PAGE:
On the opposite side, Anne and her friend engage in an animated discussion. "Is that the bloke they met in the disco?" I strolled across to say hi. That sent them off pacing down the road in embarrassment and giggling as the entire street looked on.
Sometime later I met up with Anne at a party, and we got chatting. At first, we were casual friends. That changed over time. On my return from leave in late 1983, we began seeing a lot of each other, and one thing led to another.
It has to be said that she brought some order to my otherwise chaotic domestic scene. For the first time in years, I was eating regular meals. In mid-1984 I decided to ask her to marry me. That evening we were going to a party near Tai Po. Before setting off, I popped the question.
She looked a little baffled; somewhat unsettled. I did not get a reply. Now, I'm taken aback by this. I’d plucked up the courage to ask, with the silence baffling me. I had no fallback plan. We set off for the party mute.
After a few drinks there, I decided to bail out. Troubled at not getting a reply, with my mood going downhill with each sip I knocked back.
Despite her protests, I boarded my Honda 750. She was riding pillion. By now the drinks were kicking in. I opened the throttle on the bike, cranking the speed up to 90 mph plus as we drove south along Tai Po Road. I flung the motorcycle into the bends.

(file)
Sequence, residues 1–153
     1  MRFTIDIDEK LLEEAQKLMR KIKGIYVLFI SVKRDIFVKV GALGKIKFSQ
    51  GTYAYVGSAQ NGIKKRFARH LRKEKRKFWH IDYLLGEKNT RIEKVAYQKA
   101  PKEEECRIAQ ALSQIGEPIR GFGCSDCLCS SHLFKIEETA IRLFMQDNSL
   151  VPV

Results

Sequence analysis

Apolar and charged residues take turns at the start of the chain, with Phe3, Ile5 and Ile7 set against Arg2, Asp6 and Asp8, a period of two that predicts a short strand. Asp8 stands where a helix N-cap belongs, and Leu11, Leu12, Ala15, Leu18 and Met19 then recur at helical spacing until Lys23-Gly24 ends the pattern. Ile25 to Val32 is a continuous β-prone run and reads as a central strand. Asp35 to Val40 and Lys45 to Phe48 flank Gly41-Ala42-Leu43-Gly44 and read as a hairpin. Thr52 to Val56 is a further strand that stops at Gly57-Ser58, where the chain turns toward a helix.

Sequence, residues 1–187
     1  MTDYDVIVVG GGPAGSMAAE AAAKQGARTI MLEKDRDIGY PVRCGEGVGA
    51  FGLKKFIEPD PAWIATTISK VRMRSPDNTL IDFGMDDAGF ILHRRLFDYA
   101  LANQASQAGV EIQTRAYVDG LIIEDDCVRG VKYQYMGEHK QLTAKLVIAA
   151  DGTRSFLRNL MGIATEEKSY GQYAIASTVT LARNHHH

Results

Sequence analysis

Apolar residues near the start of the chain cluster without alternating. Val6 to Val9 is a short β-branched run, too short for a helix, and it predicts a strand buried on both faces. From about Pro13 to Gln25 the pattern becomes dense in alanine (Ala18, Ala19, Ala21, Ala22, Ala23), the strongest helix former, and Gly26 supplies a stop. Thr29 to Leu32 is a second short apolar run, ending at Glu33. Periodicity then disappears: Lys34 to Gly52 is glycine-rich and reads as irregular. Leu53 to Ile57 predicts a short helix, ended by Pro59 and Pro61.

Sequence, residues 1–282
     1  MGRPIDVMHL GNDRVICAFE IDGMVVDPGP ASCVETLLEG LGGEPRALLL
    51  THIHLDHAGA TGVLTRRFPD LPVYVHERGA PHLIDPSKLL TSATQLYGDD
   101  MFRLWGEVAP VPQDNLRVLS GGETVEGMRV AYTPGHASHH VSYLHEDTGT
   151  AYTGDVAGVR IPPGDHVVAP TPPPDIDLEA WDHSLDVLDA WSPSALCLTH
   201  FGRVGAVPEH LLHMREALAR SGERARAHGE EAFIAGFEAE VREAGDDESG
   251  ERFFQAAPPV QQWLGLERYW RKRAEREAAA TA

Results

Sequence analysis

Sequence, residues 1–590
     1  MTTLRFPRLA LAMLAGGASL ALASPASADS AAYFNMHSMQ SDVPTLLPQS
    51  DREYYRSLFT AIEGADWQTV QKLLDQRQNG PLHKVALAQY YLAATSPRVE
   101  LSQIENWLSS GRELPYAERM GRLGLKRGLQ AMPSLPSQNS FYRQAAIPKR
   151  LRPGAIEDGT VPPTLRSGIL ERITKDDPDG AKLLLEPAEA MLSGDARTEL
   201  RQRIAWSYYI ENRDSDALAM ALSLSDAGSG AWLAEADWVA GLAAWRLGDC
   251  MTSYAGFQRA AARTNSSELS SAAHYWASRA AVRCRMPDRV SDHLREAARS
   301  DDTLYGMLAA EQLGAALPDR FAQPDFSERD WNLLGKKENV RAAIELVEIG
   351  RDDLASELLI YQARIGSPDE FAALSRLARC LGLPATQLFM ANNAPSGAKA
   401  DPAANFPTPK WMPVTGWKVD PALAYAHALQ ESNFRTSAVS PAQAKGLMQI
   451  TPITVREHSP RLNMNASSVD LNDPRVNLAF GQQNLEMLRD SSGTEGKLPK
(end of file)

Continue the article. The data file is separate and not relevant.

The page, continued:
Suddenly, I had a bus in front of me heading in the opposite direction. The bike shot through on the inside of the bus, as the passengers looked on in horror. She was screaming at me to stop. How we missed the bus, I don’t know. Indeed, I was not in control of the situation.
After that, we did not speak for a few days. Maybe she rang me, or I rang her. No matter, I ended up apologising, and not for the last time.
Finally, despite my attempt to kill her, Anne surrendered to my charms. We committed to making things permanent. Before that could happen, we had to let our respective families know. This was going to be interesting.
Anne's grandparents had brought her up. She’d had a tough time following the early death of both her parents. I had already met the grandparents on a couple of occasions, although we’d kept thing low key in front of them. Anne’s Aunt acted as a sort of go-between, to ease them into the idea that a foreign devil was going to marry into the family. Not only a foreign devil but a police officer as well.
A dinners arranged. Once the announcement came, Anne’s grandmother grabbed me into the kitchen of their tiny flat. There was a tension in the air.